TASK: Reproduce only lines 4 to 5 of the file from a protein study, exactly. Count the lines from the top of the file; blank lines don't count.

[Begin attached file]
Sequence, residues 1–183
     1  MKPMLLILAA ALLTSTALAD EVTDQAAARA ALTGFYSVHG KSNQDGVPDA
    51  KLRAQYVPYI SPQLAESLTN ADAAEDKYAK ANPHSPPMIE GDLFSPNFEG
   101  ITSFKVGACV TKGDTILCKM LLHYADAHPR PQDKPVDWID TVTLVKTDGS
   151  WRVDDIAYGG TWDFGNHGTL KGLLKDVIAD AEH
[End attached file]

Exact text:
   101  ITSFKVGACV TKGDTILCKM LLHYADAHPR PQDKPVDWID TVTLVKTDGS
   151  WRVDDIAYGG TWDFGNHGTL KGLLKDVIAD AEH